The ‘Bride of ISIS’ with an Aussie baby
THEY'RE called the "brides of ISIS". The women who married jihadis fighting in the deserts of Syria and Iraq.
Now, one woman who married an Australian who went to fight - and eventually die - for ISIS has claimed she was duped into heading for the frontline. And she has hinted that she might want to bring her children, born as terror raged around them, to Australia.
"I don't want to tell them (about their fathers) because maybe they will be scared and they will say my daddy was in ISIS and this will make their life bad," Islam Mitat told reporter Tara Brown on Sunday's 60 Minutes.
Living in ISIS's de-facto capital city Raqqa in Syria, she said she was constantly in fear: "I was waiting any minute, any second to die."
ISIS is now on the run, their territory vastly reduced in size and Raqqa is no longer in their hands. Some academics have said women like Ms Mitat, and their kids who have been dubbed the "cubs of the caliphate", should be allowed to come to Australia. The argument being not everyone who found themselves behind enemy lines was a terrorist.
Ms Mitat has never been to Australia. Indeed, if her claims are true, it's Britain rather than Australia where she should now be. A physics student, she was born in Morocco and had dreams of a career in fashion.
Like many young people looking for love, she went online to find it. But not Tinder, Ms Mitat logged onto Muslima.com, a place for people of faith to match make. In 2004, she met a British businessman called Ahmed Khalil.
He promised to bring her to Britain. But under the cover of a holiday to Turkey, Ms Mitat found herself on a well-worn extremist highway to Syria.
"I saw too many women with kids. They were in black and I asked them what's happening, where are we going? They tell me to Syria. When they told me Syria I started to cry," she said.
"I went to talk to my husband, I tell him, Halil what is happening? Why did you bring me here? He tells me, Islam, this is my surprise. I marry you to help you from the enemy."
Once in Raqqa, Ms Mitat and her husband were put up in an area full of foreign fighters including notorious Australian doctor turned terrorist Tareq Kamleh who become a poster boy for the horrific regime.
Just a month in, Ms Mitat was given the news every parent dreams of. But her reaction was very different.
"I was thinking now I am pregnant and I will bring my son to this world, it's so dangerous and I was waiting, any minute or any second, to die."
Days later, her husband did die, in battle. A woman being alone was not an option under ISIS. Quickly she found herself married to Australian Faisal Sahib.
There's no doubt the medical student and kickboxer set off from Sydney in 2013 to be by ISIS's side. But Ms Mitat said Sahib seemed out of his depth: "He was so soft. When he saw me cry, he cried too."
"He came to help the Muslims. But he told me when he came he was shocked." Sahib wanted to leave, she said: "Because what they told him was just a lie. He told me his missed his (Australian) life, He missed boxing. He told me 'I wish I didn't come here'".
Ms Mitat said Sahib, who had been injured, spent much of his time helping his new wife raise little Abdullah, her son from her first husband. Then they had their own child named Maria.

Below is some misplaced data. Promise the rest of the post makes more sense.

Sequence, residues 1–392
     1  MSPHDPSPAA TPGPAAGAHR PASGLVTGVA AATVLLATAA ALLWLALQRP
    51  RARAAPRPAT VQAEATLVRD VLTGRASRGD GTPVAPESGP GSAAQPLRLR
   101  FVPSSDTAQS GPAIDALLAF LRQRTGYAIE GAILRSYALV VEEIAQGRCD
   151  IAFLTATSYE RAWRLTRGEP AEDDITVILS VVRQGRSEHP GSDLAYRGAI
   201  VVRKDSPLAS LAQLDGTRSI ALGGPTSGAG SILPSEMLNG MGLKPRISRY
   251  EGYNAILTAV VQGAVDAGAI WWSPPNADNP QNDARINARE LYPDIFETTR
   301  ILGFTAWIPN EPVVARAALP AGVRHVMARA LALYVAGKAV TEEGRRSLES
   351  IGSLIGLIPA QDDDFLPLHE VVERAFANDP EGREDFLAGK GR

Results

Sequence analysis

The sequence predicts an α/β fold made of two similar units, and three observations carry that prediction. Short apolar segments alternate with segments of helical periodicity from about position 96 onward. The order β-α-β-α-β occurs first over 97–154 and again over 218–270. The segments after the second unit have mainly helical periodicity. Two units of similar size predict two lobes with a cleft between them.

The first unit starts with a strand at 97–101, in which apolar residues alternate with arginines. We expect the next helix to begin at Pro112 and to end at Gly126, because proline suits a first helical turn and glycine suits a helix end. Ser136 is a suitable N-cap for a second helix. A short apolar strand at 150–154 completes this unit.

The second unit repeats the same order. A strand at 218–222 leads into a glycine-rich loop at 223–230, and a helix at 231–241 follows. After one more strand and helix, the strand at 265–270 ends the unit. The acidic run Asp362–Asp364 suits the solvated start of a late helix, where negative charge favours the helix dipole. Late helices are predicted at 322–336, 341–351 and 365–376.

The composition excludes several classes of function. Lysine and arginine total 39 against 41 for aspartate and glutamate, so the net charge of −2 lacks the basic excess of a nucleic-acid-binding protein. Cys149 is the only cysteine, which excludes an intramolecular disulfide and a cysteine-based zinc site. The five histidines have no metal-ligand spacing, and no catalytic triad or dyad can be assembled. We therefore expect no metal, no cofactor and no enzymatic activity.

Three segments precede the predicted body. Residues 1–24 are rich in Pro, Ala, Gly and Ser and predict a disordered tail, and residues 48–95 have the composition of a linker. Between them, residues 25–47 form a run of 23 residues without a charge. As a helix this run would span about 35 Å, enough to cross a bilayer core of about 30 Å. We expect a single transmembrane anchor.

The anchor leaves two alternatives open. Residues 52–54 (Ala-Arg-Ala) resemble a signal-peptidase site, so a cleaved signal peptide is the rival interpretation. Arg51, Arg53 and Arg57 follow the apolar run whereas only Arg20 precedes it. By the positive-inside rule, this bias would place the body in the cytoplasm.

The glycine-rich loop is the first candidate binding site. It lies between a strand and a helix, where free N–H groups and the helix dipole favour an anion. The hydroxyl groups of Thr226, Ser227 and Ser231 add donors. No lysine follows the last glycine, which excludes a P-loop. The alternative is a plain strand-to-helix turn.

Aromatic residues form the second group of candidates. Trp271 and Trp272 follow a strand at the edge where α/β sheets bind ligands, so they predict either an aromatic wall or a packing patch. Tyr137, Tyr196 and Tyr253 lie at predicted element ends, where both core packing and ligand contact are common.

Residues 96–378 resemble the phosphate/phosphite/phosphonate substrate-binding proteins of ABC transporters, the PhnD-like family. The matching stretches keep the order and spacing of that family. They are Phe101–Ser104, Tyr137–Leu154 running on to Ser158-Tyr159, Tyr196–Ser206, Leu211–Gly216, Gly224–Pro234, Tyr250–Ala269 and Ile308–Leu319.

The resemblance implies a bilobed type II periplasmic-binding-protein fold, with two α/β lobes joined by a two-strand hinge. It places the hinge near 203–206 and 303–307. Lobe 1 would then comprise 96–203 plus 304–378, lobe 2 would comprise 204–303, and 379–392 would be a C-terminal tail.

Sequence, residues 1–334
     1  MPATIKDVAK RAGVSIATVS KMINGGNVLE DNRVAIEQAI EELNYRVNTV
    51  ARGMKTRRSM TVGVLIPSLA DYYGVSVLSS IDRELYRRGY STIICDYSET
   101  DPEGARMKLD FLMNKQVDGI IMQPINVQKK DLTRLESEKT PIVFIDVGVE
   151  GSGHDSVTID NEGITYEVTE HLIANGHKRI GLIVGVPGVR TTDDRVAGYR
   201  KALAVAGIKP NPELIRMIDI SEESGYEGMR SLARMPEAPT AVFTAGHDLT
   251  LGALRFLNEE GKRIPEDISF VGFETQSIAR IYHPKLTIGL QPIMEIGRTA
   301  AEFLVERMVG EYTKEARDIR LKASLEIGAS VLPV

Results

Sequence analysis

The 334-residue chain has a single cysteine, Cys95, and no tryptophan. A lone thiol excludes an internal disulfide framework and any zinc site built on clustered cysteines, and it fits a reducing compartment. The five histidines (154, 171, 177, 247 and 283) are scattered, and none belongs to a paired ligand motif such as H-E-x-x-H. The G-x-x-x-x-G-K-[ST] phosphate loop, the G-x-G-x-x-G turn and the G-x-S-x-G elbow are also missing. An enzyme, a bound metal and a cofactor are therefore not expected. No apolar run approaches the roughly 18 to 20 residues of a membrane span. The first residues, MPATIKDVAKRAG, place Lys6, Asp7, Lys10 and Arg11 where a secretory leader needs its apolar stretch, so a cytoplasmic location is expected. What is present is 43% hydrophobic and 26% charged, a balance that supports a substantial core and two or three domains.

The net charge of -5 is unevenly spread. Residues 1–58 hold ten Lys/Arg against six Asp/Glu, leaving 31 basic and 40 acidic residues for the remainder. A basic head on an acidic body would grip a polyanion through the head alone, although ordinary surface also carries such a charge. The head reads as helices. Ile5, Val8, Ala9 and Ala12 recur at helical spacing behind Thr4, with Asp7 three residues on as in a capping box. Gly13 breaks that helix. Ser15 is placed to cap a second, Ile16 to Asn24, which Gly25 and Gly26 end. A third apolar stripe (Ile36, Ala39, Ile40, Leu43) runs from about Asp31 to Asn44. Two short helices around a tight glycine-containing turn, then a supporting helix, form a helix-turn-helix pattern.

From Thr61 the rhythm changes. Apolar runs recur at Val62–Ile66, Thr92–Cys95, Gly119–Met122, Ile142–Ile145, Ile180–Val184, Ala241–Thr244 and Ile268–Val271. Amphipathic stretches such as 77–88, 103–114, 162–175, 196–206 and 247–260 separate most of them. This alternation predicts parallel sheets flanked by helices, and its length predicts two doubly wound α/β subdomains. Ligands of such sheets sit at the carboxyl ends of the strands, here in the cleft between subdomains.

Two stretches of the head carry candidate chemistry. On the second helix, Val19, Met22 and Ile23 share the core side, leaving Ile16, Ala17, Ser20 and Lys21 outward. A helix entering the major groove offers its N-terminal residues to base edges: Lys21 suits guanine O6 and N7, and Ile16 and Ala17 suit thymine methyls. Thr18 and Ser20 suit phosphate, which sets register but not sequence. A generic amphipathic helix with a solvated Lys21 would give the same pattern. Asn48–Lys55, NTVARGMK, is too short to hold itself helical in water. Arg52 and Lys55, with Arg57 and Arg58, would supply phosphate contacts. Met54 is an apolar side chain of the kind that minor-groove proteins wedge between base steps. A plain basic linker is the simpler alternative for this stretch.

When he recovered, and as was demanded, Sahib went back to the frontline. He was killed in a Coalition air strike. Ms Mitat said she was alone once again. And she was terrified this time.
"I wasn't scared of the bombs. I wasn't scared of the planes. I was scared of the people around me. I see them cut the head or shoot. The main thing was, I don't want my kids to grow up in this, because they will teach them how to kill. "
She took the hugely dangerous step to flee the clutches of ISIS: "If they know I'm trying to escape, of course they will kill me"
Ms Mitat said she went to her neighbour and asked for help: "I tell him, I don't want to sleep in the land of ISIS. If we die, we die, if not we will have a new life".
Eventually, Ms Mitat made it across the front line and into territory controlled by the YPG, Kurdish fighters battling ISIS.
When she realised she was safe, it was like "new life, like you were just born," she said.
Four months later she was back in Morocco. She has vowed not to tell Abdullah or Maria about their killer fathers, to spare them the horror.
Ms Mitat told 60 Minutes that while her life is in Morocco for now, one day she might look to bring her kids to Australia, the homeland of Maria's father.
While many may question whether a so-called "bride of ISIS" who lived alongside terrorists, should be allowed into the country, some say it is worth considering.
Counter-terrorism expert Professor Greg Barton from Deakin University told the program he understood why people were apprehensive. Certainly there were some people who had fought with ISIS who were just as radicalised, just as extreme and bloodthirsty.
"There are others for whom it's pretty clear the story checks out. They weren't involved deliberately in any terror group, they were in the wrong place at the wrong time, and they did stupid things. They'll be kept under some sort of surveillance, but they're not a concern." said Prof Barton.
"My dream?" said Ms Mitat. "I want a normal life with my kids. This is what I want now. I just look at my kids. I feel so sorry for them. I'm trying to keep myself strong just for them to show them they don't need their father with them".